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Re: Secure (https) proxy authentification

From: Amos Jeffries <squid3@treenet.co.nz>
Date: Sun, 19 Feb 2012 15:46:16 +1300
Message-ID: <4F406278.4090804@treenet.co.nz>
To: ietf-http-wg@w3.org
On 19/02/2012 7:56 a.m., Nicolas Mailhot wrote:
> Le Sam 18 février 2012 18:29, Henry Story a écrit :
>> On 16 Feb 2012, at 15:36, Nicolas Mailhot wrote:
>>> Hi,
>>> Now that browsers have started refusing redirection of https sessions, there
>>> is no clean way for a proxy to point browsers to an https authentication
>>> portal when they need to be authenticated or re-authenticated.
>> Hi Nicolas. I am working on WebID - an https protocol (
>> http://webid.info/spec ) -
>> so this sounds like it could be important to us. Do you have a pointer to
>> explain the situation here in more detail? I am not sure what kind of redirects
>> get refused, for what reason, etc....
> Hi Henry,
>
> The problem as I understand it is pretty simple.
>
> When you're managing an hotspot or corporate proxy you want to make sure only
> authorized persons pass through. It's pretty easy to set up the network so
> browsers have to pass through some control equipment to reach the internet.
> However it's much more difficult to convince them to display some
> authorization page so users can actually provide their credentials.
>
> In both cases you need to handle generic browsers without any special
> configuration, otherwise you can not support visitors (and they can use a wide
> range of devices, from desktops to laptops, netbooks, tablets, the range
> always increases).
>
> So the usual workflow would be:
>
> 1. user with some browser-capable equipment arrives on the network (usually
> you can not control physical access well enough to be sure every connecting
> user is authorized to)
> 2. he types some address in his browser
<snip>
>
> At step 2., the user is not typing the captive portal address (he might not
> know it). To point the browser the right way, such equipments used to issue a
> redirect. However that was never ideal (it's basically a man in the middle
> attack) and browsers will not honour such redirects when the user is accessing
> an https site since 2010 IIRC (I don't remember the CVE numbers, but every
> major browser stopped honoring those redirects at about the same time) . So

Ah, that restricted to 302, 300 and unknown 3xx redirects AFAIK, which 
are unsafe or difficult to allow safe auto-redirect for.

> now users get an empty page or a 'proxy does not like you' error page in the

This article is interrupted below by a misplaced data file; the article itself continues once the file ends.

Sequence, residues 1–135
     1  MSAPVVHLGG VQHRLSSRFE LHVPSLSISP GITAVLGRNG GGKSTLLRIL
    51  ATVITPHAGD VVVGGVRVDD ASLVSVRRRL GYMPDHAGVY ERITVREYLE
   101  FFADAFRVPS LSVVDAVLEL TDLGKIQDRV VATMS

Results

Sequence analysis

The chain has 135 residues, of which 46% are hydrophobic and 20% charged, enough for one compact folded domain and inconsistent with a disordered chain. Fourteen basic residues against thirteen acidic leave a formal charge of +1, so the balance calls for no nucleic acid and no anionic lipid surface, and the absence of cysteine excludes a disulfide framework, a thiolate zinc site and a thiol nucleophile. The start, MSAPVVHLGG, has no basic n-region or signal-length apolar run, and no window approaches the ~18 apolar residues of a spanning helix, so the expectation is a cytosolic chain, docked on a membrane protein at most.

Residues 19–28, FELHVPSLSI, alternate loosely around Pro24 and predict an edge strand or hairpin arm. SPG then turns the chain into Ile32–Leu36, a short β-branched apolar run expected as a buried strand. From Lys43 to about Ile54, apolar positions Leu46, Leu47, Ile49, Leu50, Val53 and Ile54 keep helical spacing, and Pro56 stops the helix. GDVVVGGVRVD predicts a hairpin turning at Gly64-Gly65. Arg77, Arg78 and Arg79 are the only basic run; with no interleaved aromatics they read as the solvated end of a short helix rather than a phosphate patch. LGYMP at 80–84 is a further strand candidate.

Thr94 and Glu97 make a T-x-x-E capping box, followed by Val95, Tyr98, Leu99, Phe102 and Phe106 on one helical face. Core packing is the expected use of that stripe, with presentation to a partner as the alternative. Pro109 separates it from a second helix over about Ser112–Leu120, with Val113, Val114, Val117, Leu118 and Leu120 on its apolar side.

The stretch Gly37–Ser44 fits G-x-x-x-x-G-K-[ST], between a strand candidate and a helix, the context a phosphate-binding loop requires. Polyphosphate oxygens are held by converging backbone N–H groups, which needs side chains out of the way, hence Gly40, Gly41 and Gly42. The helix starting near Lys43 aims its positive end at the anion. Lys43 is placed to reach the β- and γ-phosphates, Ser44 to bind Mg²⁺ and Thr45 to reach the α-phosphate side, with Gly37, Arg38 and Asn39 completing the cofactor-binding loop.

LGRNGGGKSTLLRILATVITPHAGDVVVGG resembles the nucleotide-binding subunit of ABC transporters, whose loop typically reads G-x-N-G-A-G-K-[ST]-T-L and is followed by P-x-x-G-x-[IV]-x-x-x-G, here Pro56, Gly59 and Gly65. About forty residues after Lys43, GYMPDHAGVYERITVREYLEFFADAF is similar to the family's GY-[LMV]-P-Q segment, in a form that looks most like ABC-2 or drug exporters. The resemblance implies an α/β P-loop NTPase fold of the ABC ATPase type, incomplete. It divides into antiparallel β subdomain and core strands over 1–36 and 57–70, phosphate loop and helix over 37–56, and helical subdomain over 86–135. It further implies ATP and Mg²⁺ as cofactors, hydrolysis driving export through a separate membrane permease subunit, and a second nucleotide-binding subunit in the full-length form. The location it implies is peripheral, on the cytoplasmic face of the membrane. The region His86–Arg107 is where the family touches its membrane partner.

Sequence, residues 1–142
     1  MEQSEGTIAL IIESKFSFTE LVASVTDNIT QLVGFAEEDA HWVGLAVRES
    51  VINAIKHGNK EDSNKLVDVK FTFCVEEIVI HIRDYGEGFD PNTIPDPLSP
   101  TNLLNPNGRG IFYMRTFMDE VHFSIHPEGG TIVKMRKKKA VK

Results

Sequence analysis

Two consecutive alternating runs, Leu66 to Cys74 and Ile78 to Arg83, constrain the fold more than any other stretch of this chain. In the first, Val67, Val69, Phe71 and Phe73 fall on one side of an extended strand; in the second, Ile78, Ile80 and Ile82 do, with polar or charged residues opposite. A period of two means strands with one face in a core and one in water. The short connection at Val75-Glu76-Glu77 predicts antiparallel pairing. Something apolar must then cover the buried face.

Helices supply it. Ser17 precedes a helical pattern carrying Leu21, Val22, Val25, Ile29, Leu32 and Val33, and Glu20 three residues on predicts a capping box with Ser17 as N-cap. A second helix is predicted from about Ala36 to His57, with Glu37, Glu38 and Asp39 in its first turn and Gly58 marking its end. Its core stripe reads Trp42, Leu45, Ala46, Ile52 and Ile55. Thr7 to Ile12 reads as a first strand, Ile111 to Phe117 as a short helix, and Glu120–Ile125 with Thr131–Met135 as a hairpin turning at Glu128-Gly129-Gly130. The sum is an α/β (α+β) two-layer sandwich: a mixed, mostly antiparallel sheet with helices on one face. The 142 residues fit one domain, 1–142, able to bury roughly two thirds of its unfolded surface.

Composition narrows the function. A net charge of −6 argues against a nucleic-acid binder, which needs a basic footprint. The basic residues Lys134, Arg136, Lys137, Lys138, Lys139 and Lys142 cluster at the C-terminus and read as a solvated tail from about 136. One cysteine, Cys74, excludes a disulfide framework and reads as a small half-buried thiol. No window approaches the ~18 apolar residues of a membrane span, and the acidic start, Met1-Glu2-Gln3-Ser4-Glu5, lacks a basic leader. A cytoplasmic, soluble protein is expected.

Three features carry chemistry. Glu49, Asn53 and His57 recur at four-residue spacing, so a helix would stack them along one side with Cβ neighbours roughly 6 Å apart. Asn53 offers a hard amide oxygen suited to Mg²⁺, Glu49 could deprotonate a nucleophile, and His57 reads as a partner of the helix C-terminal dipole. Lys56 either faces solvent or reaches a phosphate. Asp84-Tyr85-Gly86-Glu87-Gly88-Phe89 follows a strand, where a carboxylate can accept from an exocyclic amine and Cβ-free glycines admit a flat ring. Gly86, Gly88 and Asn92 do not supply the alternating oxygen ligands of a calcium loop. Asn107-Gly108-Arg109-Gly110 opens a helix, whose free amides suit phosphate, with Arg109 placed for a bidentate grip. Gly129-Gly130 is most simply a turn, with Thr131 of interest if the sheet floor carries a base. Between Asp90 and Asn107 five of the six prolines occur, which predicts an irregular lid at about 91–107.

> middle of their https browsing
>
> See also: https://en.wikipedia.org/wiki/Captive_portal
>
> But the control equipments do not want to attack the user session. All they
> want is to get the browser to display the captive portal auth page. All the
> hacks detailed on the wikipedia page would never have been necessary if the
> http protocol actually provided a standard way to get the browser to display
> this page.

Most of the hacks on the wikipedia page are involved with getting the 
packets to the portals proxy software without making the browser aware 
that it exists. Simple proxy auto-configuration avoids all of these 
hacks. They all happen long before HTTP gets a byte in edgewise.

How do you propose HTTP spec updates to solve "users who first use an 
email client or other will find the connection not working without 
explanation"? This being the problem which covers intercepted port 443 
packets for HTTPS portal.

>
> I'd really like the working group to define such a standard method. It
> wouldn't be complex or difficult to implement in browsers, and it would solve
> many actual problems now.

Do you mean a mechanism like the status 303 (See Other), 305 (Use Proxy) 
and 511 (Network Authentication Required)?

Notice how 302 is not in that list despite Wikipedia noting that most 
portals use 302. That would seem to be one part of the underlying 
problem. The other part being browsers defaulting to disable WPAD 
support (needed for 303 to work) or treating 303 as 302 including those 
security protections.


The "correct" workflow for a captive portal depends on whether the 
packets are intercepted:
  511 with login "splash" page doing some form of side-band 
authentication, or
  305 whereon the browser uses the portal proxy and hopefully sends 
credentials

... or not intercepted:
  303 redirecting to a resource which emits 407 then on success 303 
redirects back to the original URI, whereon the browse sends credentials.


Note that only the 511 NAT intercept case involves changes to the spec, 
and that is being done as 
http://tools.ietf.org/id/draft-nottingham-http-new-status-04.txt.

AYJ
Received on Sunday, 19 February 2012 02:46:48 GMT

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